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Tuesday, October 29 • 6:00pm - 7:00pm
Keynote Speaker (with 3D projection) - Peter Der Manuelian

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Giza 3D: Digital Archaeology and Scholarly Access to the Giza Pyramids

Based on more than a decade’s work, the Giza Project at Harvard is blending older traditional archives (excavation photos, archaeological drawings, object metadata) with extremely realistic 3D visualization of the famous Pyramids, Sphinx, and surrounding tombs and temples just west of modern Cairo (3rd millennium BC). This seamless marriage of old and new provides revolutionary access to Giza, its statues, hieroglyphic inscriptions, architecture, and wall decoration. These are the primary sources for all aspects of ancient Egyptian civilization, cross-referenced and accessible, for scholars, teachers, students, and the world community. Real-time immersive models allow us to pose new research questions, provide revolutionary and interactive classroom instruction, and investigate diachronic approaches to Giza’s evolution over several millennia. The computer models provide unique perspectives that no archaeologist has previously enjoyed, such as from below ground, or soaring high above the Pyramids of the pharaohs. Finds are returned to their findspots virtually from collections the world over, for we can now restore their archaeological context. And simulations, from the sun’s interaction with the ancient monuments, to the scale of royal statuary adorning the temples, help us to understand the choices the Egyptians made in constructing this vast archaeological site. Whether over the web, or on large screens in university visualization centers, Giza 3D can resolve archaeological problems that were previously unsolvable even out at the site itself. This online digital “publication” serves as a heritage management resource, a unique teaching tool, and an archaeological repository. The Giza models and website illustrate the best practices for the recreation and exploration of ancient Egyptian culture during one of its most critical periods.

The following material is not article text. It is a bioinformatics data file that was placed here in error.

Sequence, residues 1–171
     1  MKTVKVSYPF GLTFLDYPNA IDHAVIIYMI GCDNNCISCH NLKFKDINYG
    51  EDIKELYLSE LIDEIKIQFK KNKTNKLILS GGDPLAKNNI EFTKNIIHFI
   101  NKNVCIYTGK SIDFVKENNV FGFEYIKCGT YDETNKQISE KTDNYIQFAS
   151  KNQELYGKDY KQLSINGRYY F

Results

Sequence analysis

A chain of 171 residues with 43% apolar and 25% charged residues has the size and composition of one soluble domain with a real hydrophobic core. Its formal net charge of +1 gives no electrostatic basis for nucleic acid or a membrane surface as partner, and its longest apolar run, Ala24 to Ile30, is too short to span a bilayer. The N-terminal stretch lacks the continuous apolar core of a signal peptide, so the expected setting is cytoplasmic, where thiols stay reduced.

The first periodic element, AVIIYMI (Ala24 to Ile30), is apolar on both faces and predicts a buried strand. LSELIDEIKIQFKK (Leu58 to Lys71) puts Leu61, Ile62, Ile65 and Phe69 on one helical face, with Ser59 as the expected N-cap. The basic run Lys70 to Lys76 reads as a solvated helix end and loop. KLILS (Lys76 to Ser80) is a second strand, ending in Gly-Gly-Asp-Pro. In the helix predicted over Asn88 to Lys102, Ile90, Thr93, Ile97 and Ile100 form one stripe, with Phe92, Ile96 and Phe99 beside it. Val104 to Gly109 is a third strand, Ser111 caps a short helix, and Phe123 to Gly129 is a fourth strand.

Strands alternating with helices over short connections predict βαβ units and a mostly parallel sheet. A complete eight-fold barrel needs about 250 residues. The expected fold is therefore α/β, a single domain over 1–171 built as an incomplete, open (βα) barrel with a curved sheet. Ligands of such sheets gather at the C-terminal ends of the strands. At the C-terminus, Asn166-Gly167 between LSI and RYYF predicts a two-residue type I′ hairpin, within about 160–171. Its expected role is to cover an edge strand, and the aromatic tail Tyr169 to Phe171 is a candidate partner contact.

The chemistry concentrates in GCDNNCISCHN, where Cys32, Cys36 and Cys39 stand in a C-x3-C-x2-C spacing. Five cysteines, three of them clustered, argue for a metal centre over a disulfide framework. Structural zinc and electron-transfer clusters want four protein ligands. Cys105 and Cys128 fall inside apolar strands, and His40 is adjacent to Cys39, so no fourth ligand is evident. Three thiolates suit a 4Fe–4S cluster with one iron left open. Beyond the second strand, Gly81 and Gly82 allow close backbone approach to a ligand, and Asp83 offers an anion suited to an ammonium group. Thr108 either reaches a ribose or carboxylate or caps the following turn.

Moderators
avatar for Maurizio Forte

Maurizio Forte

Professor, Duke University
My last research work is at the intersection of cyber-archaeology (meaning the digital simulation of the past), cognitive archaeology and neurosciences. More specifically, I am interested to investigate how the information is shaped, elaborated, stored and then culturally transmitted by different societies, with a focus on ancient civilizations and material culture.

Speakers
avatar for Peter Der Manuelian

Peter Der Manuelian

Philip J. King Professor of Egyptology - Director, Semitic Museum, Harvard University
Peter Der Manuelian received his Ph.D. in Egyptology from the University of Chicago in 1990. In 2009, he was appointed the “Philip J. King Professor of Egyptology” at Harvard University. This is the first senior, tenured Egyptology chair at Harvard since the time of in 70 years. He joined the curatorial staff at the Museum of Fine Arts, Boston, in 1987, and he was Giza Archives Project Director there from 2000–2011. In... Read More →


Tuesday October 29, 2013 6:00pm - 7:00pm
Villa Mediterranee - Amphitheatre

Attendees (80)